The U.S. cannot cleanse itself using Putin’s unconscionable actions.
The U.S. cannot cleanse itself using Putin’s unconscionable actions. And the more it tries to do that, and the more it tries to erase every other conflict in recent world history in order to single him out in the process, the easier it becomes to go to war. The urge to enter war will increase if the entire country buys into its own propagandistic moralizing and is convinced that Russia's actions constitute an entirely unique threat to humanity. Growing pressure from the public, Congress, and our hawkish press could put pressure on the Biden administration, which has generally been very clear about wanting to avoid military intervention against Russia, to act imprudently if Russia does something like uses chemical weapons or accidentally hits a NATO target.
Consistency in describing the world creates a foundation for more careful behavior: If people remember that Russia is one of many actors that are doing horrific things internationally then people will breathe before deciding what kind of action should be taken. (Note that one does not have to ignore the political and moral differences between Russia and other countries to note the fact that some of Russia's actions are not unique.) Considering that the stakes are a possible confrontation between the world's two biggest nuclear powers, thinking about the civilizational long game in this situation is rather important.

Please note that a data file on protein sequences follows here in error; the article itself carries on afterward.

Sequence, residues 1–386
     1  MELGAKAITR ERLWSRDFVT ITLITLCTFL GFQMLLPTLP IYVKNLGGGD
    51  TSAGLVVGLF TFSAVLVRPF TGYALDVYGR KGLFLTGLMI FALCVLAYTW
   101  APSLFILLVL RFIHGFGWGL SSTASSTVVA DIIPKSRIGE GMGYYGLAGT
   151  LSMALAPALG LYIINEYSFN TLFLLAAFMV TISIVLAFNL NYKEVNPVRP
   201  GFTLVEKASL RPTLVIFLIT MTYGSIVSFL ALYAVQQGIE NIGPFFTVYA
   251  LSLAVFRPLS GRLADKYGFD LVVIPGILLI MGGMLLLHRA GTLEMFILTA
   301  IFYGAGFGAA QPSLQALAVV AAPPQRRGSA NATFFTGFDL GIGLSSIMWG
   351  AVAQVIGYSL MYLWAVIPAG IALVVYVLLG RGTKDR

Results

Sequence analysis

And consistency in describing the world is a prerequisite for any agenda to try to behave consistently in the world — and reckon with how radical of a task it is. Seeking a consistently morally upstanding foreign policy would require confronting and clashing with some longtime allies, thawing tensions with some adversaries and making all kinds of decisions on whether to intervene in every armed conflict in the world. Naturally any serious exercise of this kind raises questions of constraints on national resources and practical concerns about international stability and access to trade routes and energy. And if it truly is serious, it would require confronting the reality that much of the global economy and security are not based on noble and democratic principles but shaped by power structures led by the West and capital.
Calling for consistency is a demand for honesty about what’s really driving the events of the world. It prevents the public from fooling itself with self-flattering illusions. And it's a critical part of any agenda to truly better the world.